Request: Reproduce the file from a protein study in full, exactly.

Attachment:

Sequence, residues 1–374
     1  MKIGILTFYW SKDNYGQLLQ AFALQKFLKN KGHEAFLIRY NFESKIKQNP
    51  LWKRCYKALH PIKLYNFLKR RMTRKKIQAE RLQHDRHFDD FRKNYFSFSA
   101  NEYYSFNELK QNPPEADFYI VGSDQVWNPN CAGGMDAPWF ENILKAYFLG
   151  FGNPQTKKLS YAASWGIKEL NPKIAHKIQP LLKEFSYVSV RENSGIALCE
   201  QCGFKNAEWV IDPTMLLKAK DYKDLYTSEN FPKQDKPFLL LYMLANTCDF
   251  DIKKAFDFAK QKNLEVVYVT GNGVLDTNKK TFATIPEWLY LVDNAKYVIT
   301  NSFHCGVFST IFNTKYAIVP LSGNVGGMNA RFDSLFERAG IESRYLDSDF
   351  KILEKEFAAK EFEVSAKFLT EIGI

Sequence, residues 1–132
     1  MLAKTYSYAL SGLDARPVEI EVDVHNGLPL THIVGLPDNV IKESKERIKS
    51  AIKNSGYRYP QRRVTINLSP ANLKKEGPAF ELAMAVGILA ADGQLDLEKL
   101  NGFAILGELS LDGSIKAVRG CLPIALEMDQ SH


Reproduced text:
Sequence, residues 1–374
     1  MKIGILTFYW SKDNYGQLLQ AFALQKFLKN KGHEAFLIRY NFESKIKQNP
    51  LWKRCYKALH PIKLYNFLKR RMTRKKIQAE RLQHDRHFDD FRKNYFSFSA
   101  NEYYSFNELK QNPPEADFYI VGSDQVWNPN CAGGMDAPWF ENILKAYFLG
   151  FGNPQTKKLS YAASWGIKEL NPKIAHKIQP LLKEFSYVSV RENSGIALCE
   201  QCGFKNAEWV IDPTMLLKAK DYKDLYTSEN FPKQDKPFLL LYMLANTCDF
   251  DIKKAFDFAK QKNLEVVYVT GNGVLDTNKK TFATIPEWLY LVDNAKYVIT
   301  NSFHCGVFST IFNTKYAIVP LSGNVGGMNA RFDSLFERAG IESRYLDSDF
   351  KILEKEFAAK EFEVSAKFLT EIGI

Sequence, residues 1–132
     1  MLAKTYSYAL SGLDARPVEI EVDVHNGLPL THIVGLPDNV IKESKERIKS
    51  AIKNSGYRYP QRRVTINLSP ANLKKEGPAF ELAMAVGILA ADGQLDLEKL
   101  NGFAILGELS LDGSIKAVRG CLPIALEMDQ SH